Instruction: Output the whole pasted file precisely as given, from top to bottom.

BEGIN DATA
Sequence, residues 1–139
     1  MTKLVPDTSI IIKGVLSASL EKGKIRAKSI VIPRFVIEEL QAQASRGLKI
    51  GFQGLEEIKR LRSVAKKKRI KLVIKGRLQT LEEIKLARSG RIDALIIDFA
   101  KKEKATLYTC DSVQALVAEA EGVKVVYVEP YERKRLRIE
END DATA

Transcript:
Sequence, residues 1–139
     1  MTKLVPDTSI IIKGVLSASL EKGKIRAKSI VIPRFVIEEL QAQASRGLKI
    51  GFQGLEEIKR LRSVAKKKRI KLVIKGRLQT LEEIKLARSG RIDALIIDFA
   101  KKEKATLYTC DSVQALVAEA EGVKVVYVEP YERKRLRIE